Job listings and distribution can cost as much as $900.

Travel nurses cost as much as $160 an hour.

Advertising campaigns to rehabilitate or grow an employer brand can cost tens of thousands.

Together, these costs can have a draining effect on the organization’s bottom line before new clinicians are eventually hired. If the organization’s approach to mitigating workplace violence hasn’t improved by the time the hire is made, they could find themselves back in the hiring process in as few as three months.

3. Lowered Reimbursement and Malpractice Costs Can Financially Damage Organizations

If a healthcare organization is experiencing turnover due to workplace violence, its care quality may also suffer. If an organization is short-staffed or if its clinicians are preoccupied with anxieties about recent violent incidents, patients won’t have the full attention of their clinicians.

This can lead to an increased risk of medical errors, which can expose healthcare organizations to malpractice suits, which are becoming increasingly costly. In fact, over 57 cases were settled for more than $10 million each in 2023.

$10 million settlements and shocking yet rare numbers like a $261 million verdict in Florida steal the headlines regarding the financial impact of patient outcomes and satisfaction. However, healthcare organizations are more likely to be impacted by countless non-payments, lower reimbursement rates, or a failure to retain accreditation, making it increasingly more difficult to sustain an organization.

How to Reduce Workplace Violence and Its Impact on Healthcare Finances

Kirby Bates Associates has identified five critical strategies for mitigating workplace violence in the healthcare setting. Let’s explore them in depth here.

1. Create a Safe Physical Environment

Healthcare organizations can safeguard their frontline clinicians by enhancing physical security measures. Remarkably, up to 20% of patients in emergency departments carry weapons, posing increased risks to both healthcare providers and other patients.

Implementing deterrence measures such as metal detectors, securing furniture, and auditing potential hazards in waiting and triage areas significantly improves safety. While these steps do not eliminate the threat of workplace violence, they are crucial in mitigating risks and minimizing the likelihood of severe injuries.

2. Foster a Culture of Safety and Civility

Patient-to-nurse abuse is a significant concern, yet it represents just one facet of the challenges nurses face. Verbal abuse, bullying, and psychological assaults also emanate from fellow nurses, physicians, and hospital staff. A workplace culture that permits such incivility can cultivate a toxic work environment, drive valuable staff away, and compromise the quality of care delivered.

Leadership plays a pivotal role in fostering a civil environment. The attitudes and actions of an organization’s leadership set the tone for addressing issues like workplace violence. When nurse leaders model professionalism and maintain a zero-tolerance stance toward incivility and violence, it sets a standard that encourages all clinicians to emulate these values.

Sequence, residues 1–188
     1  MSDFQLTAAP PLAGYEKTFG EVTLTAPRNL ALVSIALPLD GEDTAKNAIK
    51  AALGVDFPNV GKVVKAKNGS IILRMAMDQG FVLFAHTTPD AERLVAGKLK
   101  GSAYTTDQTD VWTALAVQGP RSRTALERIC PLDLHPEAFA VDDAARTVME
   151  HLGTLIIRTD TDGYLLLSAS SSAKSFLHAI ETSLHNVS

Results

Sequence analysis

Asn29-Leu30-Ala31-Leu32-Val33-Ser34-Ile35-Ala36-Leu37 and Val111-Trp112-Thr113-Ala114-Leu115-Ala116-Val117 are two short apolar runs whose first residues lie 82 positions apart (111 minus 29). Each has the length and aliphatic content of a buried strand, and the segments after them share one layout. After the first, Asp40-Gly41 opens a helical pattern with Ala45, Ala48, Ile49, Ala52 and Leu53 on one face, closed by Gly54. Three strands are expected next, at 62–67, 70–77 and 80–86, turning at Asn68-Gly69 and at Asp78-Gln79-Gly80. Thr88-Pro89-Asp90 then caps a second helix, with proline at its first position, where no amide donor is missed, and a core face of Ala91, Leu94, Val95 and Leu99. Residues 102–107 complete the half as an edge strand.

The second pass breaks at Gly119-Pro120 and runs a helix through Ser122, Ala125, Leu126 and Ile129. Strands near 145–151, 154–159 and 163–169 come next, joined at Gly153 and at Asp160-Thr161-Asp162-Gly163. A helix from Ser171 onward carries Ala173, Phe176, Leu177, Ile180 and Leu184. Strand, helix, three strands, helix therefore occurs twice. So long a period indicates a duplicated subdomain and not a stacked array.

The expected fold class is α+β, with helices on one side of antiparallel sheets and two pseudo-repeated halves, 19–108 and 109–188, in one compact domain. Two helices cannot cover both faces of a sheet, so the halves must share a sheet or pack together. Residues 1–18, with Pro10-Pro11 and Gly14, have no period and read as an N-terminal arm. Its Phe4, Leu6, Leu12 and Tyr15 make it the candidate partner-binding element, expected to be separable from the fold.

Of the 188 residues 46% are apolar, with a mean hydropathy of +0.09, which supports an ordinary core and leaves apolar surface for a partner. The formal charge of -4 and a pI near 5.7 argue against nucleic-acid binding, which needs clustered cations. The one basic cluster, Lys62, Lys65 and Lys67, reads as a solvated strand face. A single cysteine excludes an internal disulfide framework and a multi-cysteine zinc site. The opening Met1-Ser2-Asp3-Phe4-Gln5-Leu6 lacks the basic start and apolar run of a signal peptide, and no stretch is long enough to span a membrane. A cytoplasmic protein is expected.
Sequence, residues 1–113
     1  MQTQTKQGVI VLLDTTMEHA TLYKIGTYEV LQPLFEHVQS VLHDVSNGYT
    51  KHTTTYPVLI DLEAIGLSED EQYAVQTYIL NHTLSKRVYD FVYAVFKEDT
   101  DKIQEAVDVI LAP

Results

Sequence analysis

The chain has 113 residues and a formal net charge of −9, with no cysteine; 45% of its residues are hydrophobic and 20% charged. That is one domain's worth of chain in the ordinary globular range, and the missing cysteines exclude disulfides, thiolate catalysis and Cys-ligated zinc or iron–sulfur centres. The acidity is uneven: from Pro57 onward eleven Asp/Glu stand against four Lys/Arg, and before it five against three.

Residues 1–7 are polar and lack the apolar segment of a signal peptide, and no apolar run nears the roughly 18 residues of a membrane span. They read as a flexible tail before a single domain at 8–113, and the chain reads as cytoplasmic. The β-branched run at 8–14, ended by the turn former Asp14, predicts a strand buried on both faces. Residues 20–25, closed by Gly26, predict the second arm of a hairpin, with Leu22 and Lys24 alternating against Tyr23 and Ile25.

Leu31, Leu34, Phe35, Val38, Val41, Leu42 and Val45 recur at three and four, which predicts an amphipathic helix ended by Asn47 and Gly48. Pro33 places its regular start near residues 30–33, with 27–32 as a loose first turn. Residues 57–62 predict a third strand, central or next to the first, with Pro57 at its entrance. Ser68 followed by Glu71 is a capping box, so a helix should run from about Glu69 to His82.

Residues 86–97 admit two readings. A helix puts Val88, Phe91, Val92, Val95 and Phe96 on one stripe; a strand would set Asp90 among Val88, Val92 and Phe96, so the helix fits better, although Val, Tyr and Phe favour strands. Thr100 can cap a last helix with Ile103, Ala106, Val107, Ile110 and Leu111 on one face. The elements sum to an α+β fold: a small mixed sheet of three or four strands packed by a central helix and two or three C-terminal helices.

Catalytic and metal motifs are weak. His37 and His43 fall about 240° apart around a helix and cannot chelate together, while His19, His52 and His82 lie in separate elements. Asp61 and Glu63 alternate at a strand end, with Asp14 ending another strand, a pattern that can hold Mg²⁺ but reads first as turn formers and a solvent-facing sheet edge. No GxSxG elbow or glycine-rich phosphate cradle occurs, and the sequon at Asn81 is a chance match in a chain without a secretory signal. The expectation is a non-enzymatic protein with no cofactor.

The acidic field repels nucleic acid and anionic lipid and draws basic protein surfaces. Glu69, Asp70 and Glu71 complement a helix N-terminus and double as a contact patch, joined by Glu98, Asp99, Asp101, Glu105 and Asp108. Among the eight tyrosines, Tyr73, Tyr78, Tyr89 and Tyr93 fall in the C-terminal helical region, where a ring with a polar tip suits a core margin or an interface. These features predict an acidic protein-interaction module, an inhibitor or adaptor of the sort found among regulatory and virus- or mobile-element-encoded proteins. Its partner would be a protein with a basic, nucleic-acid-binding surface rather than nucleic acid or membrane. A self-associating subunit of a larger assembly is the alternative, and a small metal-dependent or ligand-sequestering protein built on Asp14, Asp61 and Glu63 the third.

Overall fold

Find five additional strategies for promoting civility in the workplace in our recent article, including insights from leaders at UnityPoint Health and UNC Rex Healthcare.

3. Advance from Awareness to Empowerment

Nurse leaders must cultivate a culture that unequivocally rejects workplace violence. Beyond establishing this foundational stance, effective leaders empower their teams to actively promote civility and safety, both among themselves and in patient interactions.

Training staff to de-escalate potentially violent or abusive situations is crucial. Integrating this training into regular meetings or through dedicated sessions reinforces its importance. Additionally, introducing clinicians to conflict resolution tools, strategies, and resources during these sessions — and as a key component of onboarding new clinicians — establishes clear expectations and preparedness for managing workplace violence.

Patient care thrives when clinicians are focused and equipped. However, without the necessary tools to address or de-escalate conflicts, or if distracted by internal disputes, clinicians can’t deliver the high standard of care the patient community expects and deserves.

4. Make Workplace Violence Easy to Report

Healthcare organizations across the country acknowledge workplace violence is a critical challenge, and while many have adopted preventive measures, the problem persists at scale. Underreporting incidents is a significant factor that allows WPV to thrive. The American Nurses Association highlights that only a small percentage of violent or abusive incidents are reported. Even when incidents are reported, it doesn’t guarantee action: only a third of healthcare organizations have a clear process for reporting such incidents.

Underreporting hurts healthcare organizations’ ability to prevent violence. Why aren’t staff reporting these incidents? A few common factors deter reporting:

  • A belief that abuse is part of the job